The fact that he didn’t even have sense enough to be embarrassed said it all.
On a recent episode of the HBO reality show “Hard Knocks,” New York Jets cornerback Antonio Cromartie struggled to remember something that, for most fathers, is a no-brainer.
Cromartie had to use his fingers to count all the children he had fathered.
Turns out he has eight. With six different women. In five states. Heck, he even had trouble remembering their birthdates and names.
On top of that, Cromartie’s only 26 – but he has some folks joking about whether he’s aiming to set records for knocking down receivers or for knocking up women.
This isn’t funny, though. It’s sad. It’s sad that black men like Cromartie don’t see the damage they do when they perpetuate such stereotypes. For far too many of them, fame means having the freedom to get away with bad behavior, rather than an opportunity to set good examples.
But I’m not going to beat up on Cromartie too much right now. I know what he is: A young black man who grew up fatherless, a young black man who, like millions of others, are left to their own devices to figure out what manhood looks and feels like.
And like so many others, Cromartie keeps getting it wrong.
Today, however, I want to direct some attention to his enablers. Those would be the six women who allowed him to impregnate them – and to invariably leave them with a life that will be marked by them expending countless hours in court trying to force him to live up to the responsibilities spawned by everyone’s irresponsibility.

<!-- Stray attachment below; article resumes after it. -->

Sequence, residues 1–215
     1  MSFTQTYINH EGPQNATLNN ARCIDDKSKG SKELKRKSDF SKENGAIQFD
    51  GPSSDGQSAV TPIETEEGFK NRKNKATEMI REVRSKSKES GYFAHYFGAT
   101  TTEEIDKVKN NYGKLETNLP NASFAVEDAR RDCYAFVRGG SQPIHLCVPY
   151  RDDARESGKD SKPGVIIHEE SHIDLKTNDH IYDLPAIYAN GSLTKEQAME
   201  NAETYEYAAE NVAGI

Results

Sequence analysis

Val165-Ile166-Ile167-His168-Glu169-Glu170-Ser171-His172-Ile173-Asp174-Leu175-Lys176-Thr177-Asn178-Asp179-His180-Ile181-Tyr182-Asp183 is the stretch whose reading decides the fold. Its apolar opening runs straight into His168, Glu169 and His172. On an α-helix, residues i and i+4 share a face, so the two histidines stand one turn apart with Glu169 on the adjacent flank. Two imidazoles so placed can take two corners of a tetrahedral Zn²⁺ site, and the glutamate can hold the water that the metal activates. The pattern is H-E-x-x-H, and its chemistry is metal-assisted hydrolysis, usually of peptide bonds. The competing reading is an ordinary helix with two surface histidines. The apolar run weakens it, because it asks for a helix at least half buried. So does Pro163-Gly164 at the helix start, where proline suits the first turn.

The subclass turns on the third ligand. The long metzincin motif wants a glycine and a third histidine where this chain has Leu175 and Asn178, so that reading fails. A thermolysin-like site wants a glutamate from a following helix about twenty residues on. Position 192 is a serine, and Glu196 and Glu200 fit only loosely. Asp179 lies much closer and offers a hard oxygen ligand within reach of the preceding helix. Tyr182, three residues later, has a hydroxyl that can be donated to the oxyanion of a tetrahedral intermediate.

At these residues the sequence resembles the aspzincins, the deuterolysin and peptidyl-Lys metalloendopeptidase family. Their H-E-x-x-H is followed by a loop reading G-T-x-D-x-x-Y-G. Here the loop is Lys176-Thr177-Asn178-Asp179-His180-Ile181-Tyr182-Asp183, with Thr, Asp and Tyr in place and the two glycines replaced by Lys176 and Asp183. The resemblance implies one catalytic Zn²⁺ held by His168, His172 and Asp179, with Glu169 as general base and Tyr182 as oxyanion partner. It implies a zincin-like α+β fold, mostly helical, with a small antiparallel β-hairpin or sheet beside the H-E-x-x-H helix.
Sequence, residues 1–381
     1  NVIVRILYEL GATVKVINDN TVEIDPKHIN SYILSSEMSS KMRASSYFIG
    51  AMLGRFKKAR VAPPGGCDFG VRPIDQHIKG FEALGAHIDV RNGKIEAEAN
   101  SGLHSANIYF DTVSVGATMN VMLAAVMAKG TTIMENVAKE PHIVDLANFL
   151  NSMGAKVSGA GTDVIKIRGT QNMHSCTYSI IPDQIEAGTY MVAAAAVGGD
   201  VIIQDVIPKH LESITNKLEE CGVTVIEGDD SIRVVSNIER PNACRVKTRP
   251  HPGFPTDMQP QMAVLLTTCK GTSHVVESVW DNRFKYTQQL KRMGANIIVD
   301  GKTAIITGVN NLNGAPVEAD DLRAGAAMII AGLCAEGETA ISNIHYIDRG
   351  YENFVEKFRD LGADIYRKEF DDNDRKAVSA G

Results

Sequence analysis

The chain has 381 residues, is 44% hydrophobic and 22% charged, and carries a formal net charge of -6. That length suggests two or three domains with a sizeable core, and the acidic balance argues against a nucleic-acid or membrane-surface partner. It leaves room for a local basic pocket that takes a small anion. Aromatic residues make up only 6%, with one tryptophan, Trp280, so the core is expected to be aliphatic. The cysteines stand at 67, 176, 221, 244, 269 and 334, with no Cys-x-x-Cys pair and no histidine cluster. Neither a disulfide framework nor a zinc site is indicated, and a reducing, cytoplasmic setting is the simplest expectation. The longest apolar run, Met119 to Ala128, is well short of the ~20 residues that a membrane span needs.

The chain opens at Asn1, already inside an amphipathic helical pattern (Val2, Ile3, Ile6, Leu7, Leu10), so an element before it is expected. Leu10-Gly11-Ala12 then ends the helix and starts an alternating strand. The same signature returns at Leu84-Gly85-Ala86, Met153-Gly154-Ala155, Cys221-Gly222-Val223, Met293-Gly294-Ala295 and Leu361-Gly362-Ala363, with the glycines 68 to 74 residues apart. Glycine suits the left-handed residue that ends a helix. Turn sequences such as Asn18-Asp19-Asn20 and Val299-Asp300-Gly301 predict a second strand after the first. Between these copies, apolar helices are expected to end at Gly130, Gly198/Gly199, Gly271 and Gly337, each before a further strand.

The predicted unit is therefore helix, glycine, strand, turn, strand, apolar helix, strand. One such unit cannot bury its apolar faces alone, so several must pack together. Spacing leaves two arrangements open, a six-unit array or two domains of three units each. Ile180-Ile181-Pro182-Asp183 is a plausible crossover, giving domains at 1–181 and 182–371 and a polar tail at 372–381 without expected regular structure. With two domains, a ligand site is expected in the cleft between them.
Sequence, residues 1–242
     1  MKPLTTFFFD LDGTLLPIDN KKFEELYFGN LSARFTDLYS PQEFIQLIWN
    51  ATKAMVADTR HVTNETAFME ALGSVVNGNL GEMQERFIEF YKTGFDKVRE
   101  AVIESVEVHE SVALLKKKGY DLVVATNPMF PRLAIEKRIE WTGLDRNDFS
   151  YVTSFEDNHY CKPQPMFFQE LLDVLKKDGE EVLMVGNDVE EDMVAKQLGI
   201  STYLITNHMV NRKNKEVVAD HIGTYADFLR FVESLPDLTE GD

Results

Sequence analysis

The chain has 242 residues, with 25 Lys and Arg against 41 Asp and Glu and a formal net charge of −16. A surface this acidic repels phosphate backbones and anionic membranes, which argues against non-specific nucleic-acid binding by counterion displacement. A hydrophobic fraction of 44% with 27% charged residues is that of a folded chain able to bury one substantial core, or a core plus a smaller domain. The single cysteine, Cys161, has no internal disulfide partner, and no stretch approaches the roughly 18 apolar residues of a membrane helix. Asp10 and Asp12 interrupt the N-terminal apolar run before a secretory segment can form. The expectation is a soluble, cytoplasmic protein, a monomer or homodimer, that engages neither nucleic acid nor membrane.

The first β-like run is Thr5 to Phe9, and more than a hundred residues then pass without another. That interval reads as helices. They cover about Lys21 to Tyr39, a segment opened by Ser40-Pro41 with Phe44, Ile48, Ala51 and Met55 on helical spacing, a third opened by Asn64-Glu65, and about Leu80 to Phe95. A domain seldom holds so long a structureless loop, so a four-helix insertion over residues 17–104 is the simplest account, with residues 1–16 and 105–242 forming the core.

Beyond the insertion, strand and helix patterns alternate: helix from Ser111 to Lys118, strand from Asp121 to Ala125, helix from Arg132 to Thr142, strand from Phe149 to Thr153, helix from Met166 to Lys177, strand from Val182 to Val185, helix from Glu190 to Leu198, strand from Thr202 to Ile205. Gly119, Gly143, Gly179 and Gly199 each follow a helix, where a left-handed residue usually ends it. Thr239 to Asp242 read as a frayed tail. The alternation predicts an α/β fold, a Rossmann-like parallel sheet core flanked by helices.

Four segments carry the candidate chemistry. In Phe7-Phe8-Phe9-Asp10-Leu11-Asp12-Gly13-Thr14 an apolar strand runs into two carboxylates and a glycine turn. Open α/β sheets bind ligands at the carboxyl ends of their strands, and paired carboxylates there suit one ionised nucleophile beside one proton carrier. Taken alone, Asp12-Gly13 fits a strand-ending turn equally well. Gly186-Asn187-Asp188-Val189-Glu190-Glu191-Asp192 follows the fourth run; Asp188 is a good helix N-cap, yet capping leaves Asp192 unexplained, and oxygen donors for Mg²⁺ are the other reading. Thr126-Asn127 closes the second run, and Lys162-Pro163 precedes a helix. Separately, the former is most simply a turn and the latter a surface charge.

According to the Miami Herald, the Jets had to front Cromartie $500,000 before he played for them, just to cover all the paternity suits.
That means trouble in the future. But the fact that they, like so many other women, are willing to settle for life as a baby mama speaks to how confused they are.
I’m going to take a wild guess here and bet that few, if any, of the mothers of Cromartie’s children stopped taking their birth control because he promised that he was going to marry them.
There was a time when a woman might get careless if she had a long, loving relationship with a man and had reason to believe they were going to have a future together. That still wouldn’t be smart, but at least it would be an action based on the idea of bringing a child into the world with the promise of stability instead of just bling.
But chances are that’s not the case with Cromartie’s women. The fact that they’re having to sue him to force him to take care of his children proves that. The fact that his relationships were apparently so casual that he has trouble remembering the names of the offspring he spawned with them also proves that.
Sadly, they’ve hitched their fortunes to becoming professional baby mamas. And as far as career moves go, that’s dumb.
Now, I’m sure that these women probably did their homework on how many millions Cromartie makes. Some have probably figured out how they can finagle enough cash out of their child support for a sports car or other luxuries.
But what they should also know is that the average pro football career lasts only six years, and that most players wind up broke afterward.
This is especially true for players like Cromartie; men who celebrate their NFL invincibility by racking up baby mamas.
Just ask his doppelganger, former running back Travis Henry, who is now penniless after fathering nine children.
Like I said, dumb career move.
But like Cromartie, his children’s mothers probably hail from the same, fractured reality; one in which black boys are left to define themselves by the rewards that their physicality can bestow upon them, and one in which young black women base their esteem and their futures on how well they can make their physicality work for them.
At some point, this has got to change. Because from what we know so far, none of this ever ends well.
August 17, 2012 //
Question of the week: "Recently two former Negro Baseball League stars were honored by the Milwauk...
July 31, 2012 //
Dr. Camara P. Jones, research director on Social Determinants of Health and Equity, Divi...